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Calling a Constitutional Convention
Where does this Route Take California?
After a deliberative, participatory process, convention delegates would propose changes to the constitution that could be more fundamental and wide-ranging than any single initiative. But there are several questions about this route to reform. Who would these delegates be, and would their proposals reflect what Californians want? Would a convention veer away from governmental reform into the many policy areas covered by our current constitution, which addresses social issues such as same sex marriage and contains entire articles on motor vehicle revenues and usury? Could delegates avoid the pitfalls that have doomed some constitutional conventions in states such as New York in 1967 (PDF), or would they compromise to propose popular reforms as Illinois delegates did in 1970 (PDF)?
How do you call a Constitutional Convention?
State legislators would need to agree with a two-thirds vote of each house to ask voters to call the convention, a majority of voters need to agree, and delegates would then be elected from districts. Many observers doubt that the legislature could reach the necessary two-thirds bipartisan consensus in the current political climate.
Another option would be to amend the constitution to give voters the power to call a convention. Recently, groups like Repair California have tried to gather signatures to place this initiative constitutional amendment on the ballot, and also to qualify an initiative that would call a convention with 465 delegates selected partially through appointments made by local government, and partly by bringing randomly selected citizens together to elect some of their own as delegates.
How Has this Route Been Used in the Past?
After California’s original constitution was written in 1849, our state has only held one convention. This meeting, which stretched from 1878 into 1879, has been criticized for the lack of diversity in its delegates and the anti-immigrant policies advance, but resulted in the passage by voters of a new constitution. You can read or watch historian Amy Bridge’s account of this convention or browse the convention’s own documents. Voters rejected the legislature’s call for constitutional conventions in 1898, 1914, 1928, and 1930. When voters narrowly approved this call (as one of 23 propositions on the ballot) in 1934, the legislature failed to fund and convene it.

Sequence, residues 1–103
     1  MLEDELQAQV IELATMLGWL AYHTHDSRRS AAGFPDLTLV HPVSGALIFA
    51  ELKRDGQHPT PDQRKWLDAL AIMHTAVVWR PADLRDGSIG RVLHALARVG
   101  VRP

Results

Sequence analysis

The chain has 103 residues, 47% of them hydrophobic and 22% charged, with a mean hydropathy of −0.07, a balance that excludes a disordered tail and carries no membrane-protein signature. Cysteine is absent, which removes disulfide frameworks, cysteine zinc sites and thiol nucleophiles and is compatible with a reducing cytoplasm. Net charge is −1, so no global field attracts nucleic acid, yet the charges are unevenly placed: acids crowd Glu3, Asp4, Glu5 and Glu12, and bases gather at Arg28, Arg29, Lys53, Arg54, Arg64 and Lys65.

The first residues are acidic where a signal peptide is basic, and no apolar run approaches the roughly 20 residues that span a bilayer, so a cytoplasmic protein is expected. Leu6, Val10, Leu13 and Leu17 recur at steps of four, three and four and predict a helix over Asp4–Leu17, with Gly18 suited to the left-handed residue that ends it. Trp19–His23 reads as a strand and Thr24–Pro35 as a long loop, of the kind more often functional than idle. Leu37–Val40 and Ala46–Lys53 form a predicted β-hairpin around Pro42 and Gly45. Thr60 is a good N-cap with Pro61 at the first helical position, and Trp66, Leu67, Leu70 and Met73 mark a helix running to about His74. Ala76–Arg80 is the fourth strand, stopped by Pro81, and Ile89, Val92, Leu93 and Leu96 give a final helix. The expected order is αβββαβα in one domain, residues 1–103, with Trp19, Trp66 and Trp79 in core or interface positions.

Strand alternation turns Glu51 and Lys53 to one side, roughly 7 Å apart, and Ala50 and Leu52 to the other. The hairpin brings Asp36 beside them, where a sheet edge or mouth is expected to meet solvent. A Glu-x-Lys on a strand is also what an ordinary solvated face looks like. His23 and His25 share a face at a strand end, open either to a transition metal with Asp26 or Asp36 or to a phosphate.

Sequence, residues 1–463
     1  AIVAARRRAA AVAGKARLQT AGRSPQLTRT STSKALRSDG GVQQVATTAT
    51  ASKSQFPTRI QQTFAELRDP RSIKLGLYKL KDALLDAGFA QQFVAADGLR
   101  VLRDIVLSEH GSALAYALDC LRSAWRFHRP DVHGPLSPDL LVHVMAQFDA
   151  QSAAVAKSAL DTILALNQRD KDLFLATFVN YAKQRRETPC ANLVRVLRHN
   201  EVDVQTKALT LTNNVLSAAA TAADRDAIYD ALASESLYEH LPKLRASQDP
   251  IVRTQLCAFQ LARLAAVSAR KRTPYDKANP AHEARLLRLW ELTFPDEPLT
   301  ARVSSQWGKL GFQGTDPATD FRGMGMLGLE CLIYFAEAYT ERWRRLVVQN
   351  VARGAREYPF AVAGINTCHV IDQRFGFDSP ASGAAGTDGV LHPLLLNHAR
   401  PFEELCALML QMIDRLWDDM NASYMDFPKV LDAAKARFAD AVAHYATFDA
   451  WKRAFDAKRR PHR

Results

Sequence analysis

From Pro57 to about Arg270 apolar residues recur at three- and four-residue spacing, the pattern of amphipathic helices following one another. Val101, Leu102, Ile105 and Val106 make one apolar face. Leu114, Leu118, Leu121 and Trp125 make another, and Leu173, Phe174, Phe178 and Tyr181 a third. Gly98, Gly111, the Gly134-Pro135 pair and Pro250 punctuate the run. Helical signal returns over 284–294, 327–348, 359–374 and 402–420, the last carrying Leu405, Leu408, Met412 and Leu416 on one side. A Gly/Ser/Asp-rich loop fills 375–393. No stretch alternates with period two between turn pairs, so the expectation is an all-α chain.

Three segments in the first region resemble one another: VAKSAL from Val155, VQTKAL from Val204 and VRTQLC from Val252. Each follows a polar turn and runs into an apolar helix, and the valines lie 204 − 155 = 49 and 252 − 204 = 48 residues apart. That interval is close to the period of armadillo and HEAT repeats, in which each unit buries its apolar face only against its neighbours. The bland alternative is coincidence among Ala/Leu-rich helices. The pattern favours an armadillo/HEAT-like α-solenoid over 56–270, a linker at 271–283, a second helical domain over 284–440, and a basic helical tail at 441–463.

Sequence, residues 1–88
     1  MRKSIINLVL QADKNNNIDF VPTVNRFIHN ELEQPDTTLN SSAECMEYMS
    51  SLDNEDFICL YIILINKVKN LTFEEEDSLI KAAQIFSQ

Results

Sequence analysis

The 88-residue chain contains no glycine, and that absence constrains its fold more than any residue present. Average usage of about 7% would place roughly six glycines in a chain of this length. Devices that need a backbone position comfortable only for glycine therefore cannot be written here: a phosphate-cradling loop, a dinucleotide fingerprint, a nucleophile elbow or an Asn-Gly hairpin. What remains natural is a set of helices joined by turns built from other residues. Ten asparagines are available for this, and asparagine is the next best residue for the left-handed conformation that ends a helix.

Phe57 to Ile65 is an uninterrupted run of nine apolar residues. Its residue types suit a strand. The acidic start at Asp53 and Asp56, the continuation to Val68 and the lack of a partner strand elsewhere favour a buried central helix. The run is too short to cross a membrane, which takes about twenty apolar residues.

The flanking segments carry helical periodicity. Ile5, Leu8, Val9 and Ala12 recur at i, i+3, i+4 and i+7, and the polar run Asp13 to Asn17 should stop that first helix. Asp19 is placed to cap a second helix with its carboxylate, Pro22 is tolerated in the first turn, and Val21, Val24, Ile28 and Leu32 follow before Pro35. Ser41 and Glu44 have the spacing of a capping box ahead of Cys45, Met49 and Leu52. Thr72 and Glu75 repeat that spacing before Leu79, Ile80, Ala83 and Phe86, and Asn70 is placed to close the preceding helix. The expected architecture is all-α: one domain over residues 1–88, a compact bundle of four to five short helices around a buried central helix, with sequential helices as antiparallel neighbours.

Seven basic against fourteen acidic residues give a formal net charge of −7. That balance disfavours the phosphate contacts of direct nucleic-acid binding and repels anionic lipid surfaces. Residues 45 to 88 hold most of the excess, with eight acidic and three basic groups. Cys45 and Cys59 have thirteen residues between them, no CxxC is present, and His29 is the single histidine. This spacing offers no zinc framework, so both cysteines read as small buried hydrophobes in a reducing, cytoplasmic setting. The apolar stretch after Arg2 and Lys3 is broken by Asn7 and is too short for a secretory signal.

Many other states have held constitutional conventions, some successful and some failures. This nationwide analysis (PDF) shows that, since 1930, there have been 35 successful conventions, but also 27 failures that did not lead to any voter-approved reforms.
- Focused on a limited set of questions.
- Put a series of separate proposals in front of voters rather than a single, omnibus package.
Although no other states have taken the Repair California approach of random delegate selection, British Columbia used this method twice in an attempt to change one section of that Canadian province’s Charter. Although both proposals failed at the ballot box, many observers (PDF) thought that the process worked well. Overall, you can read (PDF) or watch what national expert G. Alan Tarr, the Director of the Center for State Constitutional Studies at Rutgers, says about the lessons that the experiences of other states hold for California.
What are the Pros and Cons of this Route?
- Uses a deliberative process to propose comprehensive reform.
- Convention delegates, rather than state legislators or initiative sponsors, would meet to draft constitutional revisions over a six to nine month process.
- It would be open to public scrutiny, and force delegates to assemble a majority behind any proposed change.
- The proposals that convention delegates made would not be limited by the single subject rule that limits initiatives, nor would they be limited to simply amendment rather than revising the constitution.
- A convention would also likely spark a larger civic debate about reform issues.
- Concerns about whether or not the delegates would truly be representative of the population.
- Could delay reform.
- Could run into too many legal and political roadblocks.
- Difficult to find adequate sponsorship for unknown outcome.
Challenges to Repair California’s Proposal
The type of convention proposed by Repair California does not allow any open election of delegates, which is a fundamental process of democracy that many states have used to ensure that delegates share the vision of voters. Any convention called in the 2010 election would need time to deliberate, and thus would not put reforms before voters until 2012. There are several potential legal challenges to the Repair California proposal, and you can watch Stanford Law School’s Pam Karlan and UC Davis Law School’s Chris Elmendorf debate their merits. Finally, you can watch (discussion begins at 31:00) veteran political consultant Richard Temple discuss the advantages and obstacles that a convention’s proposals would eventually face at the ballot box, and read an analysis of public opinion on the issue.
What Can I do to Choose This Route?
Although their drive to make the ballot in 2010 has stalled, Repair California remains the most prominent group pushing for a constitutional convention. You can read more about the two Repair California propositions that would need to pass in order for voters to call a constitutional convention. Click here to find how to join the Repair California effort.